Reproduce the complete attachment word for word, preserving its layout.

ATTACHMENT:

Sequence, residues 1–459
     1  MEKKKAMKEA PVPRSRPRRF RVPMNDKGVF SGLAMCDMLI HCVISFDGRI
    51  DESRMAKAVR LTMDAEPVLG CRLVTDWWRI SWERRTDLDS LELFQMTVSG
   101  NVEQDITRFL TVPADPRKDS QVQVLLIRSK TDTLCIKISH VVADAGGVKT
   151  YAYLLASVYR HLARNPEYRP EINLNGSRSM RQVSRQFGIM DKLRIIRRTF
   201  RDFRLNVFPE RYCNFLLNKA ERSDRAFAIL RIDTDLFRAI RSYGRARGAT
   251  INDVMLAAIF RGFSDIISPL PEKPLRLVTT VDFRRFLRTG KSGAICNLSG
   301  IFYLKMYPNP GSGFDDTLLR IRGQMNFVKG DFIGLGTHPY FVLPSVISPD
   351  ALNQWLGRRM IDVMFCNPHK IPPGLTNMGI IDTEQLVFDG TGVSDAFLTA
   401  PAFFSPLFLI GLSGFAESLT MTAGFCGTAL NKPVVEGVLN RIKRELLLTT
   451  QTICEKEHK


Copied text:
Sequence, residues 1–459
     1  MEKKKAMKEA PVPRSRPRRF RVPMNDKGVF SGLAMCDMLI HCVISFDGRI
    51  DESRMAKAVR LTMDAEPVLG CRLVTDWWRI SWERRTDLDS LELFQMTVSG
   101  NVEQDITRFL TVPADPRKDS QVQVLLIRSK TDTLCIKISH VVADAGGVKT
   151  YAYLLASVYR HLARNPEYRP EINLNGSRSM RQVSRQFGIM DKLRIIRRTF
   201  RDFRLNVFPE RYCNFLLNKA ERSDRAFAIL RIDTDLFRAI RSYGRARGAT
   251  INDVMLAAIF RGFSDIISPL PEKPLRLVTT VDFRRFLRTG KSGAICNLSG
   301  IFYLKMYPNP GSGFDDTLLR IRGQMNFVKG DFIGLGTHPY FVLPSVISPD
   351  ALNQWLGRRM IDVMFCNPHK IPPGLTNMGI IDTEQLVFDG TGVSDAFLTA
   401  PAFFSPLFLI GLSGFAESLT MTAGFCGTAL NKPVVEGVLN RIKRELLLTT
   451  QTICEKEHK